Disturbing Trends in Youth Accommodation Revealed
Voicing the Void Advocates for Vulnerable Youth
Voicing the Void Advocates for Vulnerable Youth: Disturbing Trends in Youth Accommodation Revealed
Belfast, November 16th, 2023 - A recent Freedom of Information (FOI) request across the five trust areas has revealed an alarming trend: over the past year, 86 young people, all under the age of 18, have been placed in temporary accommodations such as B&Bs and hotels. This discovery has raised serious questions about the safety and well-being of our most vulnerable youth.
The FOI inquiry included a crucial query: "Can you confirm that all staff/percentage of staff (not only owners/managers) working within the B&B or hotel have been Access NI checked prior to placing a young person there?" Shockingly, the Trust could not confirm that all staff undergo Access NI checks before a young person's placement, citing that such checks were outside their remit.
Here's a breakdown of the numbers across the five trust areas:
Northern Health and Social Care Trust: 39 placements
Western Health and Social Care Trust: 29 placements
Belfast Health and Social Care Trust: 7 placements
South Eastern Health and Social Care Trust: 6 placements
Southern Health and Social Care Trust: 5 placements
Total: 86 placements
The most concerning aspect of this data is the vulnerability of these young individuals, many of whom are facing crises and extreme stress. Placing them in accommodations ill-suited for their needs can expose them to exploitation, a situation that demands immediate attention.
In particular, the Belfast Trust saw seven young individuals placed in unregulated accommodations, and the trust made it clear that vetting checks on accommodation staff were not within their remit. This revelation underscores the urgent need for improved safeguards for young people within the care system.
Tragically, in January 2020, the story of Gabby Connelly came to light. Under the care of the Belfast Health and Social Care Trust, Gabby was placed in an unregulated B&B, where she became a victim of a serious sexual assault. The trauma she endured, compounded by long waiting times for counselling, had a devastating impact on her mental health. Sadly, Gabby passed away from a drug-related incident before receiving the counselling she desperately needed.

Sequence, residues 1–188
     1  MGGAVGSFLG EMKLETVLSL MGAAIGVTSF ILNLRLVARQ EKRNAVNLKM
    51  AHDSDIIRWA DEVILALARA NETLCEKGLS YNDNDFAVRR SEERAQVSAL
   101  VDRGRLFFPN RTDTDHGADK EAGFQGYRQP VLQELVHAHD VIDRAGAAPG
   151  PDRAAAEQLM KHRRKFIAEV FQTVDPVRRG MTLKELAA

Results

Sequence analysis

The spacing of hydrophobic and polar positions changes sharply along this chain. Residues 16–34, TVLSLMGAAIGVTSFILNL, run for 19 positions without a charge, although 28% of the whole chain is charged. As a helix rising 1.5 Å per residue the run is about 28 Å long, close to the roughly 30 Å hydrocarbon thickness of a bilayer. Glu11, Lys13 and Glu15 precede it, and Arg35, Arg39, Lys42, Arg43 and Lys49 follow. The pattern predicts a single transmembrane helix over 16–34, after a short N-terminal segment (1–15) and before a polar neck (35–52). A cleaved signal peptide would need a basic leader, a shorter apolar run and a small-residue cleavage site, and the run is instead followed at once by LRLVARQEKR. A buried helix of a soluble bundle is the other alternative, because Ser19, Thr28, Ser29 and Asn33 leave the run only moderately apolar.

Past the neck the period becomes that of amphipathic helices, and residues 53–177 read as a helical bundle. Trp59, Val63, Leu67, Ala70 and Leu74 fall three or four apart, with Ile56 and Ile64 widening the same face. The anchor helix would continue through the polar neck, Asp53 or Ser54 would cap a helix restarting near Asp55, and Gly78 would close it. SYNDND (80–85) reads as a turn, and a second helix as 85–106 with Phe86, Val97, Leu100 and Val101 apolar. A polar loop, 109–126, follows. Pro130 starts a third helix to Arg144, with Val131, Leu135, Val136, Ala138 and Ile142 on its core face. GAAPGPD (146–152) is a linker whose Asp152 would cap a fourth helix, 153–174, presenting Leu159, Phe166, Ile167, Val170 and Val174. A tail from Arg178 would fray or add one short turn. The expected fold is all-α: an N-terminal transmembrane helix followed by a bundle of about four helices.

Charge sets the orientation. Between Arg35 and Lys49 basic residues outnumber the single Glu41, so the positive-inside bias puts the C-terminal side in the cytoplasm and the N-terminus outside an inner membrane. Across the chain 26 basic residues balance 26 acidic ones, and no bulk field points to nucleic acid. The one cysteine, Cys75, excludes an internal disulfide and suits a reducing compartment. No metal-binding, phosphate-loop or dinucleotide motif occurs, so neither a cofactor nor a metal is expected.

Gabby's mother, Lisa Arthurs, reflects on her daughter's experience, saying:
"After what happened to my daughter Gabby in unregulated accommodation, I am determined to ensure that no other young person or family has to go through what we are experiencing. We had been reassured that the trust was no longer using these types of accommodations, but these recent FOIs are shocking.
As a society, we need to stand up for those who are most vulnerable. If you had a daughter or son who was only 16/17, would you want them staying somewhere where no checks were carried out on the staff or other adults, including potential sex offenders?
I thought, especially after the brutal murders of Holly Wells and Jessica Chapman by Ian Huntley, that vetting those working closely, let alone in the same accommodation, would be necessary practice."
Gabby's story prompted a critical question: Are staff working in these accommodations properly vetted? The response from the Trust was unsettling: they could not confirm that all staff undergo Access NI checks before a young person's placement. They reiterated that such checks were beyond their remit.
In response to this tragedy and subsequent revelations, the "Justice for Gabby" campaign was launched, aiming to end the use of unregulated accommodations for vulnerable young individuals aged 16-18. This movement gained momentum due to the distressing discovery that many young individuals faced sexual assaults in these unmonitored settings. Our petition, advocating for mandatory Access NI checks for all staff in such accommodations, has garnered over 2,000 signatures.
The "Justice for Gabby" campaign has garnered support from various stakeholders, including former Children’s Commissioner Koulla Yiasouma and the Permanent Secretary for the Department of Health, Peter May. An investigative report from the Belfast Trust underscored multiple failings, further emphasizing the urgency of the situation.
Rory Doherty, CEO of Voicing the Void, asserts, 'Our organization is steadfast in its commitment to give voice to those who are voiceless, especially the most vulnerable among us. Placing young individuals in unregulated accommodations is not only unacceptable but also a grave injustice. Stories like Gabby's serve as a stark reminder of the urgent need for change. We call upon all stakeholders to join us in advocating for the safety and well-being of our youth within the care system. Together, we can ensure that every young person is shielded from such hardships on their journey to a brighter future.’
Voicing the Void remains steadfast in its commitment to advocating for essential changes to ensure the safety and well-being of young people in temporary accommodations.
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